Sunday, November 4, 2012


This Letter Fold is a little more complicated than the previous collection.  I would not recommend it for beginners.  There are a lot of steps, some squash folds, sinks, pushes, reverse folds and refolds . Trying to remember how to fold them without prompts led to a lot of mistakes and a lot of frustration.

 I made quite a few models along the way, mostly because I kept mangling the paper while trying to recall how I had folded it before.  It didn't help that I had made a couple of models with the creases marked in colored pencil and the folds reinforced so that  (at least theoretically) they models should refold themselves.  Ha ha, not funny. 

It took me two days (or was it three) to make a set of Step Folds .  I actually got the Step Folds wrong the first time around (the colors were the wrong way around on one of the ends).  I had to redo them today. 

Once you get the hang of it the model only takes about ten to fifteen minutes to fold.   The first attempt with unfamiliar instructions will take longer. 

There are couple of tricks-of-the-trade that I will teach in classes that are too complicated to put into diagrammed instructions.  They create greater accuracy and neater folds. If you are an old folder you will figure them out for yourself.  

The model ends up as a long pleated strip that is connected together at the ends.  The two ends are connected across the center line and covered by the diamonds in the center of the "bow".  The pleated ring is squashed flat so that the decoration is mid center.  It will stay flat  provided that you are using ordinary weight writing paper rather than wallpaper or thick paper, both of which try to bounce back into a ring shape.  Warning: the model is not suitable for cheap letter head paper which will crack and tear.  This goes for cheap wrapping paper that will also crack.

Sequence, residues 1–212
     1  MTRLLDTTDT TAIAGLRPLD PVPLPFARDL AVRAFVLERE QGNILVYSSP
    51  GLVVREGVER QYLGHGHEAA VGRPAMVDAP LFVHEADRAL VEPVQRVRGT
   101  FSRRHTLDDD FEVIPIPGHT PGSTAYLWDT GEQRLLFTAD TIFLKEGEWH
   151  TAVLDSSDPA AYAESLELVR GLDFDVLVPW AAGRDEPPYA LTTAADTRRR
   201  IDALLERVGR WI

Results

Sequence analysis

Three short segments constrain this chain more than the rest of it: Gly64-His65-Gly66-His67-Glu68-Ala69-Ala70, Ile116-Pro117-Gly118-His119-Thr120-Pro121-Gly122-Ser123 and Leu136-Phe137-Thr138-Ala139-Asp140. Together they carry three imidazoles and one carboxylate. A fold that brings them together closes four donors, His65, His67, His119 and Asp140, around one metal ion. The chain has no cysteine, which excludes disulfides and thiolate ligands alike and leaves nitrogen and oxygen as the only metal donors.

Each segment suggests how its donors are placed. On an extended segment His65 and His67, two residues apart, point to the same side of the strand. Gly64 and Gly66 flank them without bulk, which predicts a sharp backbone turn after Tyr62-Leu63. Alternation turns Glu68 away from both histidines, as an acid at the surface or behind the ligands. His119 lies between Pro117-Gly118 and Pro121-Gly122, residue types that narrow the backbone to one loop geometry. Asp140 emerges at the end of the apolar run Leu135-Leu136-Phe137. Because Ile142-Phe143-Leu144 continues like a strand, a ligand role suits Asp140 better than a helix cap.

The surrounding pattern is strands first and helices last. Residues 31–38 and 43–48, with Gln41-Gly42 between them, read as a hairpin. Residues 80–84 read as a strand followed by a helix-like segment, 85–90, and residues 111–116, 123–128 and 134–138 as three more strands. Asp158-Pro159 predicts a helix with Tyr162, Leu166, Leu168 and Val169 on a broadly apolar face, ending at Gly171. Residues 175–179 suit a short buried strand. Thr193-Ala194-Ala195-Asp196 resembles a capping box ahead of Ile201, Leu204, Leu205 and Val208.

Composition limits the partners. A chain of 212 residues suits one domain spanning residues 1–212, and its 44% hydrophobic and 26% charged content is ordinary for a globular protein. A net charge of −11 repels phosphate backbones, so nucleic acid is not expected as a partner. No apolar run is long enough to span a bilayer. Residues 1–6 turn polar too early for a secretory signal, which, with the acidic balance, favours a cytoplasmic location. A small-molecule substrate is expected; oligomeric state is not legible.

The only part of the writing surface that is visible is the part that makes the outer part of the bows.

The model is connected together in two different ways.

There are a couple of triangles on the back of the decoration.  A single layer triangle is fitted inside a double layer triangle, which is then bent down.  The triangles that you can see at the tip of the models below is the double "female" triangle.  The tab (male) triangle (not shown here) is on the other end or the paper strip.

The model is further secured with a couple of tabs that are pushed between the layers of the double triangle.  The connection is fairly secure but still comes apart fairly easily when gently pulled. 

You may agree that the end result is worth all the effort 

There are a number of variations.   Here is a sample of what can be done with the end that has the decorative center part on it.  There are other variations not shown here, including a set of hearts in the middle.  

Some of these variations are easier to undo quickly than others.  Bear that in mind when deciding which one to use for your special friend.  You don't want a letter fold than looks good but is ripped open because the reader cannot figure out how to pull it apart quickly.

I am not going to bother providing the Crease Pattern for this model.  Unless you are of the caliber of Robert Lang you will not be able to figure out what to do with it.  So if you want to fold this model you will just have to wait until I finish the diagrammed instructions.  I'll let you know when that happens.  It will not be tomorrow and maybe not even next week.  I anticipate having to do a fair bit of hand drawing in order to make the tricky parts clear.  Be patient.